• Article 27.
    (1) Everyone has the right freely to participate in the cultural life of the community, to enjoy the arts and to share in scientific advancement and its benefits.
    (2) Everyone has the right to the protection of the moral and material interests resulting from any scientific, literary or artistic production of which he is the author.
  • Article 28.
    Everyone is entitled to a social and international order in which the rights and freedoms set forth in this Declaration can be fully realized.
  • Article 29.
    (1) Everyone has duties to the community in which alone the free and full development of his personality is possible.
    (2) In the exercise of his rights and freedoms, everyone shall be subject only to such limitations as are determined by law solely for the purpose of securing due recognition and respect for the rights and freedoms of others and of meeting the just requirements of morality, public order and the general welfare in a democratic society.
    (3) These rights and freedoms may in no case be exercised contrary to the purposes and principles of the United Nations.
    [all emphasis added]
I ask, in all of this, "paid for by whom?" The answer of course is in Article 29.1: "Everyone has duties to the community..." We already know that “no one shall be arbitrarily deprived of his property,” so the goal of government, adhering to the Universal Declaration of Human Rights, is presumably to make sure that depriving people of their property for use by others is not arbitrary.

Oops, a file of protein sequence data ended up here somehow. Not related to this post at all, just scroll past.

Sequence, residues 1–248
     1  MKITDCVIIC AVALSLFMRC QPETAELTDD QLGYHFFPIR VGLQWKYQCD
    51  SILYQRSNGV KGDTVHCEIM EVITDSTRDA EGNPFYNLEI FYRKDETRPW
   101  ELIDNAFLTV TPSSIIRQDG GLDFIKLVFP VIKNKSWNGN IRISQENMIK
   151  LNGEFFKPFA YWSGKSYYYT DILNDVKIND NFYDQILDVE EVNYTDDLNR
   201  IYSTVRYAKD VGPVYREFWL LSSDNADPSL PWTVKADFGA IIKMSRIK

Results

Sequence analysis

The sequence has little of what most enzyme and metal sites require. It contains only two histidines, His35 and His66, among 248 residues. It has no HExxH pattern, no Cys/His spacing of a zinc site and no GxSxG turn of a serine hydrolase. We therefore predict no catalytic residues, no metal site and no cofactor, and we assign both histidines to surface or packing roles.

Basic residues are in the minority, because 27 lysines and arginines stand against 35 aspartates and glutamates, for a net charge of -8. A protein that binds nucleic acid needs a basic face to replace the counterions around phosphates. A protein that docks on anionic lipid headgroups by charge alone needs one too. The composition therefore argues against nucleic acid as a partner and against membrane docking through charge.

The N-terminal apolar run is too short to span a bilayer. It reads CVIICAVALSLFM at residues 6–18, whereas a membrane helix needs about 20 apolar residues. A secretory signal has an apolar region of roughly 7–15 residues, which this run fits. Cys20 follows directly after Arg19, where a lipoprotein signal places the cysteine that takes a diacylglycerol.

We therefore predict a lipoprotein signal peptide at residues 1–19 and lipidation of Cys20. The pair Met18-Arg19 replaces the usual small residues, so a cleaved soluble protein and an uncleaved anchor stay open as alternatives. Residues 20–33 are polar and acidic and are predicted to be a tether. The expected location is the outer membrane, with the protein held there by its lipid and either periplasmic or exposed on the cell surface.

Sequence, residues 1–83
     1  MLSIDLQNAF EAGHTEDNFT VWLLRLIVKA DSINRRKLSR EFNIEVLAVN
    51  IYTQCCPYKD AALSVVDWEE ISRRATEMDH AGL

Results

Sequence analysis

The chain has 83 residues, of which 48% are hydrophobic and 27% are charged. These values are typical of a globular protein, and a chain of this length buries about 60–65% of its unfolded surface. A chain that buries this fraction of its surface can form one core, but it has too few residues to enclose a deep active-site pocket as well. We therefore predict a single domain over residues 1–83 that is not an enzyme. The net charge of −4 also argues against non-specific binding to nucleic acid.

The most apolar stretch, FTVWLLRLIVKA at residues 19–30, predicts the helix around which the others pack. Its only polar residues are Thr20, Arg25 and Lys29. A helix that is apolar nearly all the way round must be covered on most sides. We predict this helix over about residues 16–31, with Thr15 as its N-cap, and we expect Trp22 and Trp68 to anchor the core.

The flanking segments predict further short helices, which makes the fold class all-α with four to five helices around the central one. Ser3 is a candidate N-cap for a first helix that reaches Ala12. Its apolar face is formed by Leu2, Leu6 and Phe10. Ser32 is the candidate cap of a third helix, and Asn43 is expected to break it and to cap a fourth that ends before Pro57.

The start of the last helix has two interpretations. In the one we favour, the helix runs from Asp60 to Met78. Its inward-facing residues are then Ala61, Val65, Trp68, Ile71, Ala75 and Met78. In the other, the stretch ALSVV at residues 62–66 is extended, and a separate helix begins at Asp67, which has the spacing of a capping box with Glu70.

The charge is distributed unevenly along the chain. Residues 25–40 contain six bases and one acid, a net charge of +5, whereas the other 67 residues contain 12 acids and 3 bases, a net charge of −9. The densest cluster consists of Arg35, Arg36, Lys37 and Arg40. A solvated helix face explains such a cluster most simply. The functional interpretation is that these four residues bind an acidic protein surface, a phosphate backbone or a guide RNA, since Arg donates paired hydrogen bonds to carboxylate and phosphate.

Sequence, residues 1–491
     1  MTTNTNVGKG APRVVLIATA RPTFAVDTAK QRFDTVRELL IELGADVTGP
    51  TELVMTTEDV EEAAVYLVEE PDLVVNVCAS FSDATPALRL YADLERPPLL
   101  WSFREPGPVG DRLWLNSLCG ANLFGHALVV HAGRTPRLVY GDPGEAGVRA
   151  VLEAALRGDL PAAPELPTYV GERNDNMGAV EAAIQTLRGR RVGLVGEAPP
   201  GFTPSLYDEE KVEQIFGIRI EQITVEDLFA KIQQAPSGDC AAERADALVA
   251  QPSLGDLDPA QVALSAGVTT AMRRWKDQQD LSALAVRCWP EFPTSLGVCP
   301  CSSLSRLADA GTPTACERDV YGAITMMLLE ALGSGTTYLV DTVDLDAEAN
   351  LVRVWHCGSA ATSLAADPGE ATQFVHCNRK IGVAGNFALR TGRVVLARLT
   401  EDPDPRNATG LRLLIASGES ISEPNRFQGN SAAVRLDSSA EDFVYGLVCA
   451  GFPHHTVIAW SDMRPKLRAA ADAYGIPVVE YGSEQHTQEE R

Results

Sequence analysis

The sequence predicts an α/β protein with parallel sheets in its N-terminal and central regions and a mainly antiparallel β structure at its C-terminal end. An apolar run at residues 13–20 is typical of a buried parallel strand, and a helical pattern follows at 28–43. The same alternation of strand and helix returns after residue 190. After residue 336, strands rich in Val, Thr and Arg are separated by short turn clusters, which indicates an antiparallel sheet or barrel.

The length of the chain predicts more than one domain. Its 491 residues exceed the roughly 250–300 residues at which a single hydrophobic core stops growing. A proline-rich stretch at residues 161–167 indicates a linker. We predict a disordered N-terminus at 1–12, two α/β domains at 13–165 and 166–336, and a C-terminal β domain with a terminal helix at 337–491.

This, in essence, is pure socialism. Article 3 states “Everyone has the right to live, have liberty, and security of person.” However, many of the rest of the Articles directly contradict this basic notion of individual rights. To quote Ayn Rand again, “If some men are entitled by right to the products of the work of others, it means that those others are deprived of rights and condemned to slave labor.”

So what does this mean to us, when we hear the media or various organizations and governments touting human rights advances or decrying human rights violations? What it means is that we cannot passively accept these assertions, giving them the credit of supporting true individual rights. The term “human rights” cannot be assumed to connote the good. It may in certain instances, but that is not its core intent.